“Casting Doubt” — Using the Mastercaster

by Mike Kendra on April 11, 2011

This is a guest blog by Joe Plakis

Well the Spring Nationals is only a few weeks away, finally most of the snow has melted, we can finally look forward to the best part of our sport, CASTING!  I know it might not be your favorite, you might be leaning more towards loading or cleaning a dirty musket.  Some of you might be in the small minority that just likes shooting, but for me it has to be casting!  Shooting just doesn’t seem to do it for me anymore; I prefer the laborious hours of sitting at a bench slaving over a molten pot of hot lead.

All joking aside, I think we all know that casting has to be our least favorite part of our sport.  It is probably the most labor intensive and boring part of our sport, be it a necessary one, that doesn’t mean we all have to love it.  When I first joined in 1997 it was my father’s task to cast, after awhile he introduced me to casting.  I still have nightmares of that old 20lb pot and that iron dipper.  For most of us this is still the method, the good old tried and true “lead pot and dipper.”

For two people that setup really worked, and was efficient but as the amount of events that we shot started to pile up it just stunk.  So I took the next reasonable step, the “bottom pour pot.”  I thought it was the best thing since sliced bread, and with the addition of a second, I didn’t have to stop to wait for the lead to re-melt.  For the past several years that is the way I operated and it was still labor intensive.

Then a few years back I saw an article on a machine called the Master-Caster.  The first thing that turned me off was the price; $1,000 seemed like a lot of money to pay out for a machine that could not cast hollow based bullets.  But then I had heard that some skirmishers had success with converting it over to a hollow base bullet mold.  I was sold, so I purchased the machine at the end of the last skirmishing season.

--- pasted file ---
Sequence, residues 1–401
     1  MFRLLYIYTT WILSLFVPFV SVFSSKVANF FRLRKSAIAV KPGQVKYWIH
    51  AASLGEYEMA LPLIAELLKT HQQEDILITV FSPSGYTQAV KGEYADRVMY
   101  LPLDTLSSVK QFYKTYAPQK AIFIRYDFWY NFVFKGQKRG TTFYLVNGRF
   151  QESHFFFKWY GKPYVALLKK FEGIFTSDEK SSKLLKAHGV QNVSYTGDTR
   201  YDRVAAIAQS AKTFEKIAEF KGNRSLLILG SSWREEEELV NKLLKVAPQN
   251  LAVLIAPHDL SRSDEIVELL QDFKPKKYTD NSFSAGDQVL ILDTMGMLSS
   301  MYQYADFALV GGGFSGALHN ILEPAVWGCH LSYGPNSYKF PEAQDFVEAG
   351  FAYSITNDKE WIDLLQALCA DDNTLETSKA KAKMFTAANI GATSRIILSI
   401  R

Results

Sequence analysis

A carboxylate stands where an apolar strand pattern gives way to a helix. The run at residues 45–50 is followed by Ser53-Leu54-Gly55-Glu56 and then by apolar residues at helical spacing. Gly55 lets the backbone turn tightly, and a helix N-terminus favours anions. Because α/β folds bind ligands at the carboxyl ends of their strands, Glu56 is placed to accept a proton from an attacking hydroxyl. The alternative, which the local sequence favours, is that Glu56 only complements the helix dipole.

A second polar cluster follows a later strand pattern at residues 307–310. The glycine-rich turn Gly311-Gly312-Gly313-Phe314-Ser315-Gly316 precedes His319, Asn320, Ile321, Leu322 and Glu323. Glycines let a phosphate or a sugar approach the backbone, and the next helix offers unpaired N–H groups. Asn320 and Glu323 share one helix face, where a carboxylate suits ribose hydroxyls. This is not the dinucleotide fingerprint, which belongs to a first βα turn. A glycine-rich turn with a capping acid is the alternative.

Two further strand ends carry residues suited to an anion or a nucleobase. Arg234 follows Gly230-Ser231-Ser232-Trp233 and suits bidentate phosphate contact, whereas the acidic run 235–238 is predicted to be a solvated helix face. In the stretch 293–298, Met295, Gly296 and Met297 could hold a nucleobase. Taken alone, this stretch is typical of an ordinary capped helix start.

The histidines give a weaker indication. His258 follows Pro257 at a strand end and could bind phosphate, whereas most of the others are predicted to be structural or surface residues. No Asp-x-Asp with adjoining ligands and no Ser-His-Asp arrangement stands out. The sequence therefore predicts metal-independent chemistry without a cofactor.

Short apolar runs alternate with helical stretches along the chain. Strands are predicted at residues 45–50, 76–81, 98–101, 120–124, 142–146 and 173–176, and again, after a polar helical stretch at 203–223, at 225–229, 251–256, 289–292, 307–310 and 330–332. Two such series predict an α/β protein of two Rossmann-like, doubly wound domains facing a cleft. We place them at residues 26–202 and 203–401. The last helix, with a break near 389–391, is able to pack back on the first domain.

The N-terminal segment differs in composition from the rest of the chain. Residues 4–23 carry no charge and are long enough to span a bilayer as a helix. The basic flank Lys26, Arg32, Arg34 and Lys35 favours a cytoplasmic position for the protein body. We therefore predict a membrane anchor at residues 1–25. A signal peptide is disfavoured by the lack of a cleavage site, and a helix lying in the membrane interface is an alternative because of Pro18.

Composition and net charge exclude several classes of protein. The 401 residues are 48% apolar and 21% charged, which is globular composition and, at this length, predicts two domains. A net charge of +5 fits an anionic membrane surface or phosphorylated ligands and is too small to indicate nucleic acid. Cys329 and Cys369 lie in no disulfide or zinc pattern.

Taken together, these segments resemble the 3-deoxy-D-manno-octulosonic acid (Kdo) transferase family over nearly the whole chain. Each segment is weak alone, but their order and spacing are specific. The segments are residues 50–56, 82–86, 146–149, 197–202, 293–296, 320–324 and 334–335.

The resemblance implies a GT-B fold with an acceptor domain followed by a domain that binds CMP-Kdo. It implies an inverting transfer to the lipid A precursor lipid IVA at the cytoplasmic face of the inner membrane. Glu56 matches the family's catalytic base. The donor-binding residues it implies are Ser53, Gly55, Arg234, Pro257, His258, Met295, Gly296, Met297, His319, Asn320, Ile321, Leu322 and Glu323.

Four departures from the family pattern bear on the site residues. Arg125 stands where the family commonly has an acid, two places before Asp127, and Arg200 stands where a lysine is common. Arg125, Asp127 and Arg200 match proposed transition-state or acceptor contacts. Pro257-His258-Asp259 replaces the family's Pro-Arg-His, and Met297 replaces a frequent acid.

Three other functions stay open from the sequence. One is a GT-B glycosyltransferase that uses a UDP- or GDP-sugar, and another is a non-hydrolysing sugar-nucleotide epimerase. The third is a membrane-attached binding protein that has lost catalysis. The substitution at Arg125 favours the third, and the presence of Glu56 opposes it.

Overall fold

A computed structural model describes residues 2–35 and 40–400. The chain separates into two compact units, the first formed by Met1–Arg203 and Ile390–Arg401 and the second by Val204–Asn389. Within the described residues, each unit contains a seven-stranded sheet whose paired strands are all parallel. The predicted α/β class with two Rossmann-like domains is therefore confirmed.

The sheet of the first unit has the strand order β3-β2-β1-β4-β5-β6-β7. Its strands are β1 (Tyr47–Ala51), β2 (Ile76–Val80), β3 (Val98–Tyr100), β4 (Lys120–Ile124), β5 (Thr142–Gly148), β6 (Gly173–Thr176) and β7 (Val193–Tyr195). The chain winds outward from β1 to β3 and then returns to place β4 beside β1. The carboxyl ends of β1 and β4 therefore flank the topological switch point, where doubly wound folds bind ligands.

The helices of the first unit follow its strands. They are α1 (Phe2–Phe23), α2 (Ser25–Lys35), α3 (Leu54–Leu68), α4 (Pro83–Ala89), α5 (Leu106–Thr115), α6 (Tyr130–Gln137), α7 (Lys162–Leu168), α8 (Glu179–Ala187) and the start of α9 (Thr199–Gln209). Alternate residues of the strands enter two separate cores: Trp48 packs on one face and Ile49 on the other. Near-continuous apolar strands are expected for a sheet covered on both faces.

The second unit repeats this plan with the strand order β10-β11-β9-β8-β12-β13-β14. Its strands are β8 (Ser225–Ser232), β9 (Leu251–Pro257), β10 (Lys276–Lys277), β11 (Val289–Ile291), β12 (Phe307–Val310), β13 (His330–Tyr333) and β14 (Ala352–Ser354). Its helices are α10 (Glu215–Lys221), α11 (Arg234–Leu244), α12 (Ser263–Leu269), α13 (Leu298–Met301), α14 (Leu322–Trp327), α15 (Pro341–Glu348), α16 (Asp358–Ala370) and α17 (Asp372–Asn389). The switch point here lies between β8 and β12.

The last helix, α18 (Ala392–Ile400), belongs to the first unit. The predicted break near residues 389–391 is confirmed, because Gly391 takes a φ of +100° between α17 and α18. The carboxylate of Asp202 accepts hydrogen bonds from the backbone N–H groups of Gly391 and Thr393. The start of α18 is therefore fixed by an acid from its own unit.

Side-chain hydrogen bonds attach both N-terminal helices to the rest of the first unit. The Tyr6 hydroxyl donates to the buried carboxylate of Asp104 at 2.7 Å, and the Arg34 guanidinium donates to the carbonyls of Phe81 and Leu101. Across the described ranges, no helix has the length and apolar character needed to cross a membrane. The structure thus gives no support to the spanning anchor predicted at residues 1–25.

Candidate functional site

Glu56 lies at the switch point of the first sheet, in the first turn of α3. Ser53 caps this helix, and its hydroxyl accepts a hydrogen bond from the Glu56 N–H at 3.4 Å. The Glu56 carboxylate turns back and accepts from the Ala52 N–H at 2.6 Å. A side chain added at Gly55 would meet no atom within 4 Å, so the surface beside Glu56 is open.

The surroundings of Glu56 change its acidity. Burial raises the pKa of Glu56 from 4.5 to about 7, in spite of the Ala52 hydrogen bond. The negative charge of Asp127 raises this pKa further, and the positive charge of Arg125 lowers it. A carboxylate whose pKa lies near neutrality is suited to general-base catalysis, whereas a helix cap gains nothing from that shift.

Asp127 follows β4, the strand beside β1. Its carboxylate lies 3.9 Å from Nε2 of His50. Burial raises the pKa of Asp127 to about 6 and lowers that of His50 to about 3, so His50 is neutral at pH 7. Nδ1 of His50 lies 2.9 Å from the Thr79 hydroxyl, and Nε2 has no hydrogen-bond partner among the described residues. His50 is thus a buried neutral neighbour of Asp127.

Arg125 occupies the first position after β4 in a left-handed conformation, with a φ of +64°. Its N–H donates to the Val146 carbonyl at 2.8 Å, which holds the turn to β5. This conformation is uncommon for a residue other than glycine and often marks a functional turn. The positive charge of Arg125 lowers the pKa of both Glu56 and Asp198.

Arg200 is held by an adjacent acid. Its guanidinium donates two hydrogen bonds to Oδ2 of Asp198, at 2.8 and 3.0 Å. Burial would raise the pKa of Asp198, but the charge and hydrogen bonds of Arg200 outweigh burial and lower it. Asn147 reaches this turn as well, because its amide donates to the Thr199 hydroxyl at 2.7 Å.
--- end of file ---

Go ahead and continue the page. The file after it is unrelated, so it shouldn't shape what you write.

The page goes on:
After reading the directions and building a bench that was worthy of the machine I began the task of converting my brand new RCBS Mold.  Sadly the company will not convert a mold if it is a hollow-base mold, so I had to convert it myself.  Luckily at my father’s house I have a milling machine in the basement so converting it was a breeze.  Although it was kind of scary to see how soft that iron mold was.  You need to drill five holes in the mold.  Four of them are for the ears that mount the mold into the machine.  The fifth hole was to add the specific sprue-plate that you must use.
Then after all of that I found that I needed to trim down the width of the floating plate that carries the base-plug.  After all of that work I could finally mount the mold.  After allowing the base-plug plate to bend into a small arch the machine was finally ready to roll.  So I plugged the machine in and filled it with 40lbs of soft lead and set the machine to 750 degrees.

Like usual the first dozen or two bullets came out with the expected wrinkles.  After that I was finally used to the mechanics of the machine.  After all of that hard work the first hour proved that all of the hard work and time was defiantly worth every second and drop of sweat.  I opened up the drawer and took the bullets off and set them on a table for my father to count.

325 bullets in an hour!  With less than 1% of that being rejected bullets!  In the next hour the amount of bullets increased to 375, with the same rejection rate!  After reading watch the video you might notice that in two minutes I was able to cast 18 bullets, in that hour if at the same pace as shown it amounts to 540 bullets in an hour!  All of this from a machine that was not capable of using a bullet mold that included a base-plug!

In closing I cannot say that this machine is for everyone.  After purchasing the machine and mounting a new mold plus the conversion kits that you have to use, I have close to $1200 in the machine and it is set up for one bullet.  Although it is just as simple to convert another mold with an additional kit and just swap it out.  Since buying the machine in less than two days I have cast enough rounds for not only myself but the other four people that I load for.  The payoff for me is the fact that I got it all done in one weekend rather than multiple weekends.

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